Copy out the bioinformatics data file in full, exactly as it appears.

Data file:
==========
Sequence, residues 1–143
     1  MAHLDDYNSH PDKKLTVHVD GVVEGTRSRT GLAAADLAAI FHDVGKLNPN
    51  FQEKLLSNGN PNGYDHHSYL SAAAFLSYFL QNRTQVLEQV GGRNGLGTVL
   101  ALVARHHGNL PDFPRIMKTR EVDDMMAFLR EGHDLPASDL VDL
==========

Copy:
Sequence, residues 1–143
     1  MAHLDDYNSH PDKKLTVHVD GVVEGTRSRT GLAAADLAAI FHDVGKLNPN
    51  FQEKLLSNGN PNGYDHHSYL SAAAFLSYFL QNRTQVLEQV GGRNGLGTVL
   101  ALVARHHGNL PDFPRIMKTR EVDDMMAFLR EGHDLPASDL VDL